${\displaystyle \displaystyle y(x)=-701.75-691.5x^{1}-335.5x^{2}-105x^{3}-22.5x^{4}-3x^{5}-11.25e^{2x}+714e^{x}}$ (5.16)

A plot of the solution:

Figure 3.5-1

### Author

Solved and Typed By - --Egm4313.s12.team1.durrance 22:56, 21 February 2012 (UTC)--
Reviewed By - Egm4313.s12.team1.silvestri 03:28, 22 February 2012 (UTC)

## Problem R3.6: Superimposing Particular Solutions

### Statement

Solve the L2-ODE-CC (2) p.7-11 with initial conditions (2b) p.3-6 differently as follows. Consider the following two L2-ODEs-CC (see p.7-2b):

 ${\displaystyle \displaystyle {y}_{p,1}''-3{y}_{p,1}'+2{{y}_{p,1}}={{r}_{1}}(x):=4{{x}^{2}}}$ (6.0)
 ${\displaystyle \displaystyle {y}_{p,2}''-3{y}_{p,2}'+2{{y}_{p,2}}={{r}_{2}}(x):=-6{{x}^{5}}}$ (6.1)

The particular solution ${\displaystyle \displaystyle {y}_{p,1}}$ had been found in R3.3 p.7-11. Find the particular solution ${\displaystyle \displaystyle {y}_{p,2}}$, and then obtain the solution ${\displaystyle \displaystyle {y}}$ for the L2-ODE-CC (2) p.7-11 with initial conditions (2b) p.3-6.

Compare the result with that obtained in R3.5.

### Solution

Beginning with equation (6.1), we find that a particular solution has the form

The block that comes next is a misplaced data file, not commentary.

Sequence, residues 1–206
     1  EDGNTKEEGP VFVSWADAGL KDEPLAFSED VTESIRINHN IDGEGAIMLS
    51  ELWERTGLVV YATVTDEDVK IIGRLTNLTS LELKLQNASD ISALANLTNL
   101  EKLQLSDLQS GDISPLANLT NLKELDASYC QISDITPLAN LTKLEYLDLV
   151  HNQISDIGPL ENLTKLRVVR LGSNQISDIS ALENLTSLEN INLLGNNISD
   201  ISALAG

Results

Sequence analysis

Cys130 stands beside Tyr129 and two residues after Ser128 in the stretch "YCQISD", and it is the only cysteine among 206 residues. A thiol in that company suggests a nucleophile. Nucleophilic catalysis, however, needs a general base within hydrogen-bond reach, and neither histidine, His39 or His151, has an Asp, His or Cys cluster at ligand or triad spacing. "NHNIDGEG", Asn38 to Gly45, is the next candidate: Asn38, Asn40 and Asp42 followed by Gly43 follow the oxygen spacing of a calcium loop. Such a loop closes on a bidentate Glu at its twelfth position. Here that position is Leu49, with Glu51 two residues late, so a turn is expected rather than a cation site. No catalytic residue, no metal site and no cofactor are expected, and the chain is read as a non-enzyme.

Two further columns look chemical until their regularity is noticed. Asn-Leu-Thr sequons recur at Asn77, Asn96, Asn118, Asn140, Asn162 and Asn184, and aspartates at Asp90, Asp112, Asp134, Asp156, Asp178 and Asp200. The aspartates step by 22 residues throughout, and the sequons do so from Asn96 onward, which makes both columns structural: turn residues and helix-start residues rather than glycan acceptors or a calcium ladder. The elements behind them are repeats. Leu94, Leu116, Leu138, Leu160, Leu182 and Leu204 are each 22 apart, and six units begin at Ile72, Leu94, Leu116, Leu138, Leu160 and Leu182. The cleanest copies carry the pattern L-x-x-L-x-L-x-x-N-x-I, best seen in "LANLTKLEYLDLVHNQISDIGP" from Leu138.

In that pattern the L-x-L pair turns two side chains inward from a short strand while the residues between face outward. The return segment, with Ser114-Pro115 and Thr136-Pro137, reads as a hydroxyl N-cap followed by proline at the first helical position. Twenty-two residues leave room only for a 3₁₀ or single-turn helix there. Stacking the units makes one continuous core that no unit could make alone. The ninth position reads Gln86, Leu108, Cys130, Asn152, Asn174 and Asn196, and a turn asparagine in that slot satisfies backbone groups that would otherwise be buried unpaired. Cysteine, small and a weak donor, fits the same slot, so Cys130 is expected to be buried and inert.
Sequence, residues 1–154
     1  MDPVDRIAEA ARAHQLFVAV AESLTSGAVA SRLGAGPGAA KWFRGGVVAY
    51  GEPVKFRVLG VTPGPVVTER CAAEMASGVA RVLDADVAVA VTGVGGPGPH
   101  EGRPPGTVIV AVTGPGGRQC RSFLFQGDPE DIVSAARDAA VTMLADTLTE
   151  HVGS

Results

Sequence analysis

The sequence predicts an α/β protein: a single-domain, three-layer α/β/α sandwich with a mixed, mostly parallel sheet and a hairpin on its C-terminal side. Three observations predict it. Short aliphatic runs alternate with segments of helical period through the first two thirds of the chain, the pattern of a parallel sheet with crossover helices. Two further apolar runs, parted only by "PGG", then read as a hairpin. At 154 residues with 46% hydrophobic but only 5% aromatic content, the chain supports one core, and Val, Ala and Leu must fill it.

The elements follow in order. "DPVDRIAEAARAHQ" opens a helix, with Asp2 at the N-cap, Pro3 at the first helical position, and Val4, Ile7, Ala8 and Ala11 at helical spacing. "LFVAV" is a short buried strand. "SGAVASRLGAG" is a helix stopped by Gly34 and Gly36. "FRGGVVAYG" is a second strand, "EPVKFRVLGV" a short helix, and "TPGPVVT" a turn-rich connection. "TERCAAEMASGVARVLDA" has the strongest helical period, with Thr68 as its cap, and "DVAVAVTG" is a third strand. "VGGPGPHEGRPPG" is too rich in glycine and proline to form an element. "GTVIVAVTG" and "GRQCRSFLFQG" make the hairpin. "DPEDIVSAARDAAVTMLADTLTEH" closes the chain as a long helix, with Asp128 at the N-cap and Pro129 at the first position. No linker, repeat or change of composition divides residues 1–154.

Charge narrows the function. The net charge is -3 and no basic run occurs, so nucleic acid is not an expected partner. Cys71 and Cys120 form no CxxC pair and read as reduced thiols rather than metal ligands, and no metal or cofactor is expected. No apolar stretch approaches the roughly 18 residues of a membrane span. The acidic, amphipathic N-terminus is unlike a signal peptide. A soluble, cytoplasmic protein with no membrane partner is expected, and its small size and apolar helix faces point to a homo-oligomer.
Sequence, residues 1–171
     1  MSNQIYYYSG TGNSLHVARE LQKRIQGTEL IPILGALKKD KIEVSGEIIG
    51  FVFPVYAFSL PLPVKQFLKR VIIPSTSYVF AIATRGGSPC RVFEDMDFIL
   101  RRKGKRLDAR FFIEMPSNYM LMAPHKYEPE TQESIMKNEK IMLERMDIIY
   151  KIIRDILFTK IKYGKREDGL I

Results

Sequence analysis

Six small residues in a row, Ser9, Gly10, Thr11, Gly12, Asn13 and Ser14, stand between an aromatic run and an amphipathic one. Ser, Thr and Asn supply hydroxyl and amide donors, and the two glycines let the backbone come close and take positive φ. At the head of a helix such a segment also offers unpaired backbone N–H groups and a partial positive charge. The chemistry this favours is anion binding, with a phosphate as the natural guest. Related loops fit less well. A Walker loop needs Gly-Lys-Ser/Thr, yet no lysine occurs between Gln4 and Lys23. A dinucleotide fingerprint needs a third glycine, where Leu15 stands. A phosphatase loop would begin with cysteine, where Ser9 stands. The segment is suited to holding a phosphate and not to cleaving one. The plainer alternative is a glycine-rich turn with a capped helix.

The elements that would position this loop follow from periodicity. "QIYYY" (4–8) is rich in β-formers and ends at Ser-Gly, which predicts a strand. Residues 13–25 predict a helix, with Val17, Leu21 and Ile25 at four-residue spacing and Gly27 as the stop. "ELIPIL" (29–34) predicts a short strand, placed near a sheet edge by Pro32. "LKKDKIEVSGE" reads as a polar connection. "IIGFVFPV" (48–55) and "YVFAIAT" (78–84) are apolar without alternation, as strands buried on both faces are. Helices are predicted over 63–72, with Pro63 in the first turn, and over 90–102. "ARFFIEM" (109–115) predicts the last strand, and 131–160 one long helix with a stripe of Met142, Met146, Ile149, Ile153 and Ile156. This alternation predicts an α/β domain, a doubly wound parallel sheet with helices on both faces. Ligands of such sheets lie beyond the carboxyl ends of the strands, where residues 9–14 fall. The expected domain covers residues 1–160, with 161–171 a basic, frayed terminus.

${\displaystyle \displaystyle {{y}_{p,2}}(x)=\sum \limits _{j=0}^{n}{{{K}_{j}}{{x}^{j}}}}$ (6.2)

where ${\displaystyle \displaystyle {n=5}}$. That is,

 ${\displaystyle \displaystyle {{y}_{p,2}}(x)={{K}_{0}}+{{K}_{1}}x+{{K}_{2}}{{x}^{2}}+{{K}_{3}}{{x}^{3}}+{{K}_{4}}{{x}^{4}}+{{K}_{5}}{{x}^{5}}}$ (6.3)

Differentiating twice:

 ${\displaystyle \displaystyle {y}_{p,2}'(x)={{K}_{1}}+2{{K}_{2}}x+3{{K}_{3}}{{x}^{2}}+4{{K}_{4}}{{x}^{3}}+5{{K}_{5}}{{x}^{4}}}$ (6.4)
 ${\displaystyle \displaystyle {y}_{p,2}''(x)=2{{K}_{2}}+6{{K}_{3}}x+12{{K}_{4}}{{x}^{2}}+20{{K}_{5}}{{x}^{3}}}$ (6.5)

Substitute (6.3-5) into (6.1) to obtain

 ${\displaystyle \displaystyle (2{{K}_{2}}+6{{K}_{3}}x+12{{K}_{4}}{{x}^{2}}+20{{K}_{5}}{{x}^{3}})-3({{K}_{1}}+2{{K}_{2}}x+3{{K}_{3}}{{x}^{2}}+4{{K}_{4}}{{x}^{3}}+5{{K}_{5}}{{x}^{4}})}$${\displaystyle \displaystyle +2({{K}_{0}}+{{K}_{1}}x+{{K}_{2}}{{x}^{2}}+{{K}_{3}}{{x}^{3}}+{{K}_{4}}{{x}^{4}}+{{K}_{5}}{{x}^{5}})=-6{{x}^{5}}}$ (6.6)